I dedicated Monday (April 8th) as being my Day of Compassion. I thought it would be an excellent day to be compassionate toward others since it ironically fell on Holocaust Remembrance Day. In my opinion, compassion is noticing the struggles of another person and doing something to help that person. While this would appear to be simple and logical, I believe that our society is lacking compassion these days. Overall, I would consider myself to be a compassionate person. I think that I am observant and empathetic toward the needs of others.
Every week, I volunteer at the Regional School for the Deaf and Blind as a part of my scholarship requirements with the Foley Center. I have been working with children who are visually impaired for four years now. The children I work with range in grade level (1st-4th), and their needs vary. Most of the children in my class are able to see with the help of glasses, although one of my students is nearly blind. Every Monday, I help students with reading, math, playing games, and anything else the teacher needs my help with.
Women in positions of leadership is a topic being discussed more and more as women continue to take on higher positions or roles throughout our society. Hilary Clinton as Secretary of State, Marissa Mayer now Yahoo’s CEO, Oprah Winfrey head of Harpo Studios are several of the powerful elite female leaders of our time. The issue still at hand is that for women the climb to leadership positions that would or could be occupied by a male are still controversial. In both the Fortune 5oo and Fortune 1000 list of companies women only hold 4.2 percent of the CEO positions on both list. Out of 1.4 million women serving in the military there are only two female four star generals. Ann E. Dunwoody was nominated in 2008 and Janet Wolfenbarger was nominated in 2012 to replaced Dunwoody when she stepped down.
The Balkans will forever hold a spot in my heart; as cliché as it sounds, the region that just a few short weeks ago I knew absolutely nothing about has made a lasting impact on my life. The people we met and the conflicts we faced forced my mind to venture to places it rarely does. How could a region laced with memories of such intense struggles be home to such kind, gracious individuals? How could these individuals live in harmony, for lack of a better word, with people associated with organizations accused of murdering their wives, children, brothers, or sisters? And how could the institution in which I put my faith be associated with some of the most wretched war crimes? In past years, the Catholic Church has found itself facing accusations regarding sex abuse scandals and money laundering, but in the 1990’s, clergymen were involved in events associated with the ethnic cleansing of the Balkans. Of course, for every terrible accusation the Church faces, there is a contradictory tale of valor accompanied by sincere compassion. So, where does this leave me on my personal journey?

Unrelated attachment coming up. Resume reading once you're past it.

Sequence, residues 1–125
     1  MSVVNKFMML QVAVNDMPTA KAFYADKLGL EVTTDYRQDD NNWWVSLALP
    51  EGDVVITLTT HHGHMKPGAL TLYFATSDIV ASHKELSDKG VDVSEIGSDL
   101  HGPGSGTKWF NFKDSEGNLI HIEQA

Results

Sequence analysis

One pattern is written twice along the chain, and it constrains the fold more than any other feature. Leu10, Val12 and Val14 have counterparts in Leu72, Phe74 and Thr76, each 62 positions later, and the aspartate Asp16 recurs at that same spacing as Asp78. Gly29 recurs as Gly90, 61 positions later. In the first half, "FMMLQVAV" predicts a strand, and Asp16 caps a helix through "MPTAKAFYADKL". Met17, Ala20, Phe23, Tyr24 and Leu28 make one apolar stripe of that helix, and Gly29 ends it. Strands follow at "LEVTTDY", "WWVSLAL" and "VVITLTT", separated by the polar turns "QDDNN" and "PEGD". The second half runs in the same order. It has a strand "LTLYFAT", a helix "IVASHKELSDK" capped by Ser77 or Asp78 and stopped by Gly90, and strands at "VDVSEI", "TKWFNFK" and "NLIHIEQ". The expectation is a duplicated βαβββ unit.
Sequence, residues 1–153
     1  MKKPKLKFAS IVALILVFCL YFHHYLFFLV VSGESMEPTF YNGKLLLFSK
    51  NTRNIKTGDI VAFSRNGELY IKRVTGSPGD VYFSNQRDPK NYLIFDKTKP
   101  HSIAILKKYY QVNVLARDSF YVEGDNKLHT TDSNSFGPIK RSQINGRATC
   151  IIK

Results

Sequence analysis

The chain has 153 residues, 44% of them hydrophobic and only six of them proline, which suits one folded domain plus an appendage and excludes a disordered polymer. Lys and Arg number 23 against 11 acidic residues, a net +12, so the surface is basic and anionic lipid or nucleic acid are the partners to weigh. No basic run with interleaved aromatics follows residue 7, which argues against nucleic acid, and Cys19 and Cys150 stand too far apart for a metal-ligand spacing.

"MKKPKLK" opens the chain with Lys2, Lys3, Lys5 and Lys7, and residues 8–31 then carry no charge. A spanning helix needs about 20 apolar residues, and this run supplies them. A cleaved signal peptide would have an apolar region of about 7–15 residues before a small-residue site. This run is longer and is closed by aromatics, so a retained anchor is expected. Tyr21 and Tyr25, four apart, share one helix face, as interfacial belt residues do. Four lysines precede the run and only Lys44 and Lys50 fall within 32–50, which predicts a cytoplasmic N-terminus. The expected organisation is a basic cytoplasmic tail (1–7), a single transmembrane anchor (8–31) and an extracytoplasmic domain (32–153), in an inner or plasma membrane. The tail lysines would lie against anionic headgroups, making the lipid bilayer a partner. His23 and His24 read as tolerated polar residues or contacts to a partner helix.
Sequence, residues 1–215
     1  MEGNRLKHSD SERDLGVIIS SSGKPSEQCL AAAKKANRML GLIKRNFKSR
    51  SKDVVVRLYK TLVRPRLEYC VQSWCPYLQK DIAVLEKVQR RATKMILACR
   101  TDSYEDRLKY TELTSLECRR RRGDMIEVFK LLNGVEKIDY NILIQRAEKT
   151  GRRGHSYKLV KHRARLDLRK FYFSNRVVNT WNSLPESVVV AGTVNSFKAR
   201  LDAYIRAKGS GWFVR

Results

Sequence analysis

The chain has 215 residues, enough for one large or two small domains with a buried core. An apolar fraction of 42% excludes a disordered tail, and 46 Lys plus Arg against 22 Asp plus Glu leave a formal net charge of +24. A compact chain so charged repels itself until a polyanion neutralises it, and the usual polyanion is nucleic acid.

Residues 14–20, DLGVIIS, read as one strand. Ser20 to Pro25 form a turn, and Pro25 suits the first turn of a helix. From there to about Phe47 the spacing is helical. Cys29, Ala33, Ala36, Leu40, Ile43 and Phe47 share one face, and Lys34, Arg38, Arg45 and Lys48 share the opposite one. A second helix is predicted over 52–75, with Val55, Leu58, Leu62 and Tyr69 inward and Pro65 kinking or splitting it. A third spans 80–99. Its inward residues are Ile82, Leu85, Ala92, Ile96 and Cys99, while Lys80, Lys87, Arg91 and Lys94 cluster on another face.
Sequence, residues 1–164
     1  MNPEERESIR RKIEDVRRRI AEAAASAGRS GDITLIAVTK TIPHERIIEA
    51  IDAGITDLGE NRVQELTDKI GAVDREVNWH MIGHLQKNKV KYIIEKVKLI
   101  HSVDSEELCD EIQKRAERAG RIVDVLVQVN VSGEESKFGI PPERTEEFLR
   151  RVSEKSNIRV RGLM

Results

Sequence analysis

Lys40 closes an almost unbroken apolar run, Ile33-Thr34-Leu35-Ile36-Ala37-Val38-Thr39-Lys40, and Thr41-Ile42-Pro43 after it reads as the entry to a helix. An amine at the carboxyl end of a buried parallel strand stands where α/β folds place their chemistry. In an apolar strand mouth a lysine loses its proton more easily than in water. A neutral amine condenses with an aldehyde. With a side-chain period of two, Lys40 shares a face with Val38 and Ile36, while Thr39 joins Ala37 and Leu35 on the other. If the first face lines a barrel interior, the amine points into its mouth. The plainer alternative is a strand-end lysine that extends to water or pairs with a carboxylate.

The history surrounding the conflict within the Balkans is entirely too rich to cover in a mere ten pages. Multiple volumes could be filled with information pertaining to the Balkan wars of the 1990’s. I think it is important to provide a brief history of the conflict, namely the religious divisions, which serve as the motivation for the monstrosities committed by the Catholic Church throughout the Balkans. In his lecture, Dr. Roberto Belloni names two main approaches to the failure of Yugoslavia: ancient hatreds, which led to unavoidable conflict, and conflict created by human agents (Belloni).
The inhabitants of the region formerly called Yugoslavia face language and religious barriers, but no real racial barrier exist. Religion serves as the primary cause for division, and the conflict surrounding religion dates back to 1054. At first, the entire region shared the same Christian beliefs. In 1054, however, Christianity split; Orthodox Christians, largely Serbs, inhabited the East while Roman Catholics, largely Croats, inhabited the West. Muslims slowly entered the religious scene in the Balkans, as the third party, when the Christian and Ottoman empires clashed. In 1389 at the Battle of Kosovo Poljie, the Ottoman Empire defeated the Christians; thus, Muslims dominated the region. The mass conversion to Islam took place in 1463 when the Turkish conquered Bosnia (Belloni).
When I think of compassion, I think of helping people and showing care to those who are in need. The actual definition of compassion is the empathy of people who are suffering and it is a major factor in how we define love. I would describe myself as a compassionate guy, but I wanted to try new tactics in my normal behavior to show compassion. One of the ideas that I focused on was talking to people that I observed through the year who are really quiet and sit alone. I also attempted to spot people who seemed down and asked if they were okay and needed to talk. The simplest act I tried was doing favors in the cafeteria such as asking if anyone wants more to drink, if they wanted cookies, or if I could take their plates up. There is a student in my building who is always alone and I never see him really talk to anyone. He also sits in the cafeteria alone everyday so I felt bad for him. So on my day of compassion I decided to attempt a conversation with him. His reaction was a little awkward to me because I said, hi to him and he just walked right past me and did not say a word. Then I attempted again and asked if he knew what time the crawfish boil was at and he turned around and actually responded. I tried to engage in more conversation, but he didn’t really seem very social so he turned around and I said, “I’ll see you later bro.”